International Women’s Day: Wexford nun is the inspiration behind new PhD in SETU

Wexford nun Sr Mary de Lellis was first ever Irish woman to obtain a doctorate in mathematics.

Sr Mary de Lellis (Maggie Gough) at the Catholic University of America, Washington DC, circa1920.

Maria PepperWexford People

A Wexford nun who was the first ever Irish woman to receive a doctorate in mathematics, is the inspiration behind a new funded PhD in STEM which will be launched by the South East Technological University on International Women’s Day on Wednesday, March 8.

The Wexford campus of SETU is establishing the STEM (science, technology, engineering, maths) doctorate to celebrate Maggie Gough, later to become Sr Mary de Lellis, who received her PhD in mathematics in 1931.

The new PhD programme is part-funded by Maggie’s family, allowing her story and achievements to provide inspiration and encouragement to modern day students in the university.

The Wexford native  who died in 1983, did original research in a highly technical subject at a time when very few women (or even men) got that opportunity.

Margaret Mary (Maggie) Gough was born in 1892 in Rickardstown in Kilmore parish in Wexford and in August 1909, when she was 17, she boarded a ship in Liverpool, bound for the United States and ultimately Texas. She was one of over a dozen young women from the south east of Ireland travelling on the vessel, most of them destined to spend their lives in service to an order of nuns in San Antonio.

She attended the local St John of God primary school and wasn’t the only pupil from the school to travel to Texas as many of her classmates sailed with her to Galveston, also headed for the Sisters of Charity of the Incarnate Word in San Antonio.

Wexford Fine Gael councillor Jim Moore, a grandson of Maggie’s sister Lizzie was born in the same family homestead in Kilmore. “She left here with a group of other girls from the area, two of whom we knew”, he said.

Maggie Gough never made it back to her native land again, not even for her sister Lizzie's wedding in 1928. "The problem was that if you came home you had to pay for your own transport".

"My grandmother died in 1947 and Sister Mary kept in touch with my grandfather and the family. She was a great letter writer. In the 1960s and 1970s, two of her compatriots used to come home and visit our house. Our experience of Sister de Lellis was letters and presents every Christmas and prayer books came for confirmations and communions."

After taking her vows, Gough took the name Sister Mary de Lellis and embarked on a teaching career far from the public eye. In time, she was permitted to advance her education at the Catholic University of America in Washington DC and did so in three stages, starting in 1920. Her family were largely unaware of the magnitude of her achievements, but they did know she was a maths teacher.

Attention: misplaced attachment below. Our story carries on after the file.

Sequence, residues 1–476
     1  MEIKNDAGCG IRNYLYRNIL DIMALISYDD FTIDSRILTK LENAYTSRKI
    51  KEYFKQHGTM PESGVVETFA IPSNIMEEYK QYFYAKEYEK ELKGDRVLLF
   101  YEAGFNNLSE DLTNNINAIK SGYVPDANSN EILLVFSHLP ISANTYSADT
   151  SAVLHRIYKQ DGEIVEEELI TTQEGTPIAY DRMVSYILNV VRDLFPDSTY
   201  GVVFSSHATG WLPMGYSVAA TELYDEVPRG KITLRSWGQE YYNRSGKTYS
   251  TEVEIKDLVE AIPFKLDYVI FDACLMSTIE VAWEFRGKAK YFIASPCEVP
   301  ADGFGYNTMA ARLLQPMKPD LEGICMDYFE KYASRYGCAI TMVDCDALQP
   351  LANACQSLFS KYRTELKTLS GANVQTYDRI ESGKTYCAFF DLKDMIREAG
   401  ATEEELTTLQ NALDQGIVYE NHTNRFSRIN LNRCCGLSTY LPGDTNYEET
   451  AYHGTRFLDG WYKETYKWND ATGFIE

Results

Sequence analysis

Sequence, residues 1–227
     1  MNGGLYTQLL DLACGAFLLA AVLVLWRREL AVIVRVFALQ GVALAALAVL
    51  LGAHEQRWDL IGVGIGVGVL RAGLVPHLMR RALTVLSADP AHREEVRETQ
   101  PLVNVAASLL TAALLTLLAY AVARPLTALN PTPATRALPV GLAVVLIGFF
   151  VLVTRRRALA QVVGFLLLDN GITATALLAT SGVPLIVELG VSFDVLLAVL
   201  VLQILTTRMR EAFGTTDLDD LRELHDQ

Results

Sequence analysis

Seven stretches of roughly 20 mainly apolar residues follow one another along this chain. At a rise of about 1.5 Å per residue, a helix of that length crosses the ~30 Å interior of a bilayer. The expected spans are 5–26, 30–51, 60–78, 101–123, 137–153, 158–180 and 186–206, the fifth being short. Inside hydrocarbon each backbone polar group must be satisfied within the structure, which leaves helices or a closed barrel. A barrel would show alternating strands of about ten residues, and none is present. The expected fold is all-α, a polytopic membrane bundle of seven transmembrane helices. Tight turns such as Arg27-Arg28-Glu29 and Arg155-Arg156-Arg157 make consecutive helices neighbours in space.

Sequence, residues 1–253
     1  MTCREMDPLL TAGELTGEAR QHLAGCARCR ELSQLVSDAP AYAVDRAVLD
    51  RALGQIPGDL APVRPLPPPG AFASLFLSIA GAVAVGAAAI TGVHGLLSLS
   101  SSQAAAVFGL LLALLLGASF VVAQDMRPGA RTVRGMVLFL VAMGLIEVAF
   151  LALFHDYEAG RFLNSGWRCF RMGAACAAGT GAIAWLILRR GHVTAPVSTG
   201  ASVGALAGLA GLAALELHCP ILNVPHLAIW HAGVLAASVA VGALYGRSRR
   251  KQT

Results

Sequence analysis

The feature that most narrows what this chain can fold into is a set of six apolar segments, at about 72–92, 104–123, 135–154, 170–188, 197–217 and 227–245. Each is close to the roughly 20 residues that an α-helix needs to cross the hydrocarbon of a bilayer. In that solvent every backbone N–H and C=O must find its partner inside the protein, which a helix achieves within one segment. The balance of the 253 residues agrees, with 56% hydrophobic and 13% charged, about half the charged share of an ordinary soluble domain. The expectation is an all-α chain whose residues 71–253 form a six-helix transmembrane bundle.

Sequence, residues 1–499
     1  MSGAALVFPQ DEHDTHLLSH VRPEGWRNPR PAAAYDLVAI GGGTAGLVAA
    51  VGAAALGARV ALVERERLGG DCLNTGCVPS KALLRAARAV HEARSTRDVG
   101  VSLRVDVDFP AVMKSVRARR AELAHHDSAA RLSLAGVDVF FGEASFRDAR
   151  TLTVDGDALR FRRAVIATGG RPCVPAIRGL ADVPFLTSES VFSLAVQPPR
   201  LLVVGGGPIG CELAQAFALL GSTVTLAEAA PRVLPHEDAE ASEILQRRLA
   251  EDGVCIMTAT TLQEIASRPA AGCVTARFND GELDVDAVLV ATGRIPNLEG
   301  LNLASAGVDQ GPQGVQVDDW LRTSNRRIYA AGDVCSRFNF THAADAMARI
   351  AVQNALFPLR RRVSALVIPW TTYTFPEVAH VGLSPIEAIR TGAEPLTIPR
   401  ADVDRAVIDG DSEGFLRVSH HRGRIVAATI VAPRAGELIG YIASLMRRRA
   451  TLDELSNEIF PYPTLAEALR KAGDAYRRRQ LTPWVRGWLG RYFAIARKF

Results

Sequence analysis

Her MA in 1923 was awarded for a thesis on "The Representability of a Number by an Indefinite Binary Quadratic Form". After a few more years of teaching back in Texas, she earned her PhD with a dissertation entitled "On the Condition for the Existence of Triangles In-and-Circumscribed to Certain Types of Rational Quartic Curve and Having a Common Side".

Her research supervisor Aubrey Landry also oversaw the doctoral dissertation of Euphemia Haynes, who became the first African American women to earn a doctorate in mathematics in 1941.

Sr Mary taught in San Antonio for over 20 years, and then briefly at Incarnate Word Academy in St Louis, Missouri. In 1944, she left the classroom for good due to health issues, and returned to Texas to work as an accountant in a local hospital in Forth Worth, until she retired in 1964.

Jim tried to contact his grand-aunt directly in her later years. "I worked internationally, as an engineer, and in 1981 I was working for an American company. I was down in Texas, in the time before mobile phones and I spoke to one of the sisters in San Antonio. Basically, she was saying that Sister Mary probably wouldn't recognise me as she was disabled. I discovered that she was blind, and may have suffered from what we call Alzheimer's these days. She was a considerable age, and she died in 1983."

"A lot of people from families in our area would have joined religious orders and entered the priesthood. The St John of Gods was a prominent local order, and there was St Peter's College seminary in Wexford town”, he said.

"My aunt made an interesting comment recently that Sister Mary would have gone nowhere if she had stayed here in Ireland, for the simple reason that she came from a very poor background. Her father was a labourer with five acres of land. She would have been used as a skivvy. Going to an order abroad gave her new opportunities."

Gough's achievements and career were fostered and nurtured by emigration to the United States, a familiar story in many Irish households at the time. Women of her calibre and level of achievement were very rare in those days.

Maggie Gough’s legacy and accomplishments are to be acknowledged and celebrated on International Women’s Day as SETU, along with Maggie’s family, launch the new funded PhD in STEM at the university’s Wexford campus.

"No doubt Maggie Gough would be proud to see the opportunity she found and embraced in America now back on home soil. In so doing we are pleased to provide this support and motivation for excellence in memory of an exceptional woman”, said a SETU spokesperson.